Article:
Matt's Crow Country: Taking liberties with cameras?

PUBLISHED: 08:26 23 March 2010 | UPDATED: 16:17 11 May 2010

BY NO means am I a technophobe, but I do sometimes feel like machines are taking over the world. A little while back I read an article by the hilarious Charlie Brooker, who pointed out that most of us spend our lives nowadays surrounded by screens, be the

BY NO means am I a technophobe, but I do sometimes feel like machines are taking over the world.

A little while back I read an article by the hilarious Charlie Brooker, who pointed out that most of us spend our lives nowadays surrounded by screens, be they at work, at home, or anywhere in between.

He's got a point, and same thing could be said of cameras. Without wishing to make the world sound like an Orwellian dystopia, you barely seem to be able to move these days without being caught on film by someone, who will usually claim they're doing it for the greater.

This will soon be the case if you drive a car in Royston, as the Hertfordshire police force are looking to purchase and install extra automatic number plate recognition (ANPR) cameras in the town.

Neighbourhood sergeant Jon Vine told last week's meeting of North Herts district council's Royston area committee that he "wants to get every entrance to the town covered" so that the police can easily identify car thieves, burglars, and other ne'er-do-wells operating in the area.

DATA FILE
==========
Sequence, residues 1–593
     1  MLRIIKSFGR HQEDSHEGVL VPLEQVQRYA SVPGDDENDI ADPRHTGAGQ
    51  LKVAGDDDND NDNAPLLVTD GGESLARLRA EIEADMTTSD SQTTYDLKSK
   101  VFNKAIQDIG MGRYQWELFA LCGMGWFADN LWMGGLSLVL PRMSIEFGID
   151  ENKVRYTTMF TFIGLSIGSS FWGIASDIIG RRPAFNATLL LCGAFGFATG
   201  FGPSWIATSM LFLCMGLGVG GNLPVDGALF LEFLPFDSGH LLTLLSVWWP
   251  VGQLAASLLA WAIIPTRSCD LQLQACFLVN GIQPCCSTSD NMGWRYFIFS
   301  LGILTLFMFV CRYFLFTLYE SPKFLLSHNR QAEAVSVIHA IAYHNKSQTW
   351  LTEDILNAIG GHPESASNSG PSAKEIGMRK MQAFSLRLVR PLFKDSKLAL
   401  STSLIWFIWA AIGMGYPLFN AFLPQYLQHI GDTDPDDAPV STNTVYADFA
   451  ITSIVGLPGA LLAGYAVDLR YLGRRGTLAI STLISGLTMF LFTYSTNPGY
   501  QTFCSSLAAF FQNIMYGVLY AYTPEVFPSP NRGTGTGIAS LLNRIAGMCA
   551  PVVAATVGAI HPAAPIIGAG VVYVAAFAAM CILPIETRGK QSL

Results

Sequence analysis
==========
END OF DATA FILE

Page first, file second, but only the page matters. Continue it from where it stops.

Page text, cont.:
All well and good, and of course I don't have a problem with the police trying to do their jobs as effectively as possible.

The problem I have with this system is that it stores the number plates of all motorists on a database for up to two years, whether they have committed an offence or not. To me this seems completely unnecessary if all you are trying to do is flag up criminals. Surely once you have established that a car isn't breaking any law then its details should be immediately removed.

In fairness to the police, Inspector Andy Piper, who also addressed the meeting, was keen to stress that this isn't a case of big brother watching over everyone. But that is how it seems, and it is a situation which makes me very uncomfortable.

I was delighted to see President Obama's healthcare bill make it through the US House of representatives this week.

If made law, the controversial bill will extend cover 32 million additional Americans who do not currently get mandatory healthcare.

The fact that a major world power like America does not currently offer this is a shocking indictment on their society if you ask me, and I hope president Obama succeeds in his reform programme.

But moreover it makes you realise how lucky we are to have our National Health Service. It may be much-maligned, but to have an NHS which is free, and for the most part very reliable, is something we as a nation should be proud of.

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